Jun 30

Thoughts on playing Dawn of Worlds

I’ve spoken about Dawn of Worlds before, and I’ve finally managed to play a couple of games.  And I’ve had some thoughts on how to make it run a little smoother.


First, as it’s a PDF, print out pages 7-10.  These are the pages that contain the Table Of Powers that tells you how much each power costs in each Age, and also explanations of what the powers actually do.  You’ll be consulting this a lot, and having a physical copy to hand around is going to be invaluable.

In fact, next time I’m tempted to create three separate tables, one for each Age, so that you can show just the costs that you’re paying right now.  Print them out in nice big type, and display the relevant sheet when you start a new Age.

The Map

The game says you need a Big Piece Of Paper to create your map on, but let me tell you, the Noteboard is fantastic for this.  We had different coloured whiteboard markers that we used for different features (blue for coastline, black for mountains, red for lava/fire, green for vegetation).  Being able to quickly erase things as they were changed by Events and the occasional Catastrophe was brilliant.

Also, the hexes on the gridded side are just the right size!

If I use the hex grid next time, I’d like to find a standard set of terrain and climate symbols (like the ones you get in Hexographer, for example) that I could print out for people to use.  We had to improvise a couple of times, and it could have led to confusion.

If there’s a criticism of the Noteboard as a map board it’s that it’s very wide and short – or narrow or tall, depending on how you position it.  That kind of limits the shape of maps you’ll create, if you want to use the whole area (and why wouldn’t you!).  If there was a more square version, that might be a nice variant.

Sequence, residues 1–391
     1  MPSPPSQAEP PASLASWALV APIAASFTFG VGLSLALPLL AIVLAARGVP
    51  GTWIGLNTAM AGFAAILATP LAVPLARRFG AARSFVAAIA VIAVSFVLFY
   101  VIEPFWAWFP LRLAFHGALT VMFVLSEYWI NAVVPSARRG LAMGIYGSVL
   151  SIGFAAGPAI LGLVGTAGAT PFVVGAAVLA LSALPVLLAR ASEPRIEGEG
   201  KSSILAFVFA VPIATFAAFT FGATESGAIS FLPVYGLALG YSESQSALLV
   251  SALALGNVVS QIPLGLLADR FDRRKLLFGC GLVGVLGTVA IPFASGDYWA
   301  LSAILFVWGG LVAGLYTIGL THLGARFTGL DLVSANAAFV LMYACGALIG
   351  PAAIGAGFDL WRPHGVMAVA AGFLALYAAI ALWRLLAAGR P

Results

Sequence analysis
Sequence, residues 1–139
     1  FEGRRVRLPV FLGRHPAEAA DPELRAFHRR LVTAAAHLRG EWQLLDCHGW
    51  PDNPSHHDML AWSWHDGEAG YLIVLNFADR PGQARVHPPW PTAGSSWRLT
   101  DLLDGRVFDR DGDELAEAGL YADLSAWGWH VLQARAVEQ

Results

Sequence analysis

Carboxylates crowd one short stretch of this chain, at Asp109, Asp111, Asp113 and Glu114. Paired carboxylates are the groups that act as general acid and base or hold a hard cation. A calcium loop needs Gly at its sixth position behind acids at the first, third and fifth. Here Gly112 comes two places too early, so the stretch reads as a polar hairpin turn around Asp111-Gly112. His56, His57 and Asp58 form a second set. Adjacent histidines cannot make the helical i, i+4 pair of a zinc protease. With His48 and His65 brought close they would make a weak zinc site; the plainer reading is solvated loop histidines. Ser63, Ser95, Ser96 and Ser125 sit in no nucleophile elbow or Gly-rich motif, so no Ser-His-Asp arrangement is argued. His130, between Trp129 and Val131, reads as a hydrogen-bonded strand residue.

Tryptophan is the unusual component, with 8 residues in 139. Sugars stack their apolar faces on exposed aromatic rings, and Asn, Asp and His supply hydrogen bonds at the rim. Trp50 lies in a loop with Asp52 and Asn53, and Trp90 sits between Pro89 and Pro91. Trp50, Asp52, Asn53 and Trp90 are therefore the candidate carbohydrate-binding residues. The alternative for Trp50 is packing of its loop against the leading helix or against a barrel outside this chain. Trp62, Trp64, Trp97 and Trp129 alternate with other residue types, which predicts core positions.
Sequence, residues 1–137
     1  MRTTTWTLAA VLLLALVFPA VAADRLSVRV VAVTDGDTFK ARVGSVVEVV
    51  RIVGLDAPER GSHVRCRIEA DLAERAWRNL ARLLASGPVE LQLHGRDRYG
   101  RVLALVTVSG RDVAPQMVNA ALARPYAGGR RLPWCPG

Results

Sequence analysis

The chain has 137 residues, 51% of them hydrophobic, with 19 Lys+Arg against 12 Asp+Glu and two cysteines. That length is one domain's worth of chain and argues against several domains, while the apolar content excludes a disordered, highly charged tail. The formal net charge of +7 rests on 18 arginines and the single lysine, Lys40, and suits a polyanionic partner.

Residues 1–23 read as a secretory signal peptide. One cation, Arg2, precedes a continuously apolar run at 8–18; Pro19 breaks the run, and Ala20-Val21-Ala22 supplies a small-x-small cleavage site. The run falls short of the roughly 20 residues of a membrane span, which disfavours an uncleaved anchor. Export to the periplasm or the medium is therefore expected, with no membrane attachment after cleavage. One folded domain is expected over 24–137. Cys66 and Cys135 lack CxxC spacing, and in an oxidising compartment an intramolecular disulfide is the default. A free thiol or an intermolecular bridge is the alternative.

Power Tokens

The most fiddly rule of the game is where you get extra Power Points if you end your turn with less than 5 Power.  In the midst of trying explain this to new players, I realised there’s an easy way to keep track of this – tokens.  If you end your turn on less than 5 power, you get a token.  When you’re rolling for your Power at the start of your next turn, you get +1 per token.  You can have up to three tokens, and you lose them all if you ever end a turn with 5 power or more.

I happen to have some glass beads, but you could use dice, poker chips, or anything else.


We also used different coloured beads to represent armies on the map.  That may have contributed to something that seemed to happen in each of the games I’ve played thus far.  Each of us had races we adopted, and the final phase sort of ended up as a very basic war game.

We kind of lost sight of the fact that this was a collaborative game, and the Evil Fire Dragons weren’t actually Craig’s, and the Good Gold Dragons weren’t actually mine, and we weren’t actually pitting the two factions against each other.  I think we noticed this and corrected, but I think it’s something I may have to consciously look out for when I play again.


Dawn of Worlds is fantastic fun!

A foldable whiteboard - the Noteboard - is laid on a table.  On it is a map drawn in a variety of colours.  Some whiteboard pens and dice are scattered around the edge.

The map from our Dawn of Worlds game!

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  1. Roberta Barnhart

    I can think of two ways to work around the dimensional awkwardness of the Noteboard:
    1) Put two of them together (tape the back so they stay together)
    2) Use it to create an entire globe. The left and right edges wrap around, and the top and bottom are the polar regions.

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    […] another recent purchase and which Liz reviewed for the podcast (and put to good use for the War of the Dragons game). Although the noteboard really falls into the GM kit category it’s simply far too useful an […]

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